Other numbers from David Martin, secretary of the Energy, Minerals and Natural Resources Department, at the Legislative Finance Committee’s July 9 meeting in Farmington: Jobs, direct, indirect and induced: 68,838. Average salary: $70,666. State gross domestic product portion: 9 percent.
    The numbers obscure oil and gas as a way of life with a long history here.
    Flush with “enchantment,” sunsets, and mystically seeking God, aesthetes miss this. They fail to track production numbers from the well to the permanent fund to investment income to the general fund to paying for the government they wish to expand.

  • Udall scores a win in tough battle

    Forget for the moment, if you will, all variant partisan predispositions — at least long enough to grant that New Mexico’s U.S. Sen. Tom Udall is one of those rare politicians who will persevere in the service of a conviction.
    Let me explain my point, and for starters we should recall that the United States Constitution has been amended only 27 times since it was adopted in 1787.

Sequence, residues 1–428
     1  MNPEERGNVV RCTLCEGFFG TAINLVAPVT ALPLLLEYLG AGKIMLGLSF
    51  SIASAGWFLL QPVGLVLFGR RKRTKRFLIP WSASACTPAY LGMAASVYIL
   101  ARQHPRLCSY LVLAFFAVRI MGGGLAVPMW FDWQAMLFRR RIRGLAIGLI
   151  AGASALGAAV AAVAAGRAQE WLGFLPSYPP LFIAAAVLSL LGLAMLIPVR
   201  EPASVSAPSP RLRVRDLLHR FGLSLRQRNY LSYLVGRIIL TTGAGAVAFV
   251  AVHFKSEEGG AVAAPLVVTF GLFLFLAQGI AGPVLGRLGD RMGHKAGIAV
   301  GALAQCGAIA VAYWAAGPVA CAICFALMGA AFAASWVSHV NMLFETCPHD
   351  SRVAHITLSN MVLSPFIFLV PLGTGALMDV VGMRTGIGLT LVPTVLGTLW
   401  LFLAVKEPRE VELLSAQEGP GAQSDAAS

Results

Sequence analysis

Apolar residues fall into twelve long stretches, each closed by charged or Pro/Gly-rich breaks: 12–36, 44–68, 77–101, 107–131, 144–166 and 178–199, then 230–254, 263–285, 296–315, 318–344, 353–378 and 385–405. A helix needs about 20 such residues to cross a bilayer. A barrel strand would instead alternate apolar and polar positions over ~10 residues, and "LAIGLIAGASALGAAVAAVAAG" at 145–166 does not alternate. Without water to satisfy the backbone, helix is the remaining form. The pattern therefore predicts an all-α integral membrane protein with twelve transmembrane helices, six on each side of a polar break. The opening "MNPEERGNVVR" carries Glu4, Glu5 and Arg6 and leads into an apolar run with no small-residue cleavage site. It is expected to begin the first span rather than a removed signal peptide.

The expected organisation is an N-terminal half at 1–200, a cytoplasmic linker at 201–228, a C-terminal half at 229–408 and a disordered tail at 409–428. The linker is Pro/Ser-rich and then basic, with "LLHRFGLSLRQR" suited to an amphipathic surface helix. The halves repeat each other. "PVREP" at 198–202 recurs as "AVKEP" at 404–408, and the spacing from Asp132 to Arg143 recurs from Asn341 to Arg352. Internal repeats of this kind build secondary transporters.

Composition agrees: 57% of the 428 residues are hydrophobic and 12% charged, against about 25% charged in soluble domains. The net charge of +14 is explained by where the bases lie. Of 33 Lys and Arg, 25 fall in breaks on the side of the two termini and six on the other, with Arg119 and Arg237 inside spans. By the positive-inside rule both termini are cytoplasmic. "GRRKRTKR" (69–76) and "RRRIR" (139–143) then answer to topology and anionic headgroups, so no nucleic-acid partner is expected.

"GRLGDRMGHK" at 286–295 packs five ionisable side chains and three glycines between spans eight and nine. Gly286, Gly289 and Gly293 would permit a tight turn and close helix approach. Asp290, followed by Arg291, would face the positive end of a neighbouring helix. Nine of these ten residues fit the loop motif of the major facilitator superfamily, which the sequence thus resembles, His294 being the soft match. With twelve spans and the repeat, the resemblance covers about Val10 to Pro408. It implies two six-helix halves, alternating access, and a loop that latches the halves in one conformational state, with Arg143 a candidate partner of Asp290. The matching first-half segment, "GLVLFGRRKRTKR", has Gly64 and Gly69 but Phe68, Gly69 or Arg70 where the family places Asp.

We need also remind ourselves that that fully 10 of those amendments were adopted all at one time, right after the present republic was instituted when what we call the Bill of Rights was appended to the original Constitution.
    In short, amending the Constitution isn’t the least bit easy.
    It requires time, tenacity and resolve, which is precisely what the constitutional framers intended when they hammered it out in Philadelphia back in 1787. They even made it hard to so much as propose an amendment to the Constitution.
    One constitutionally permissible method for proposing an amendment would have at least two-thirds of the states call conventions for that purpose. It is an approach so cumbersome that it has never been used, mainly because getting two thirds of the states to act in concert is next to impossible.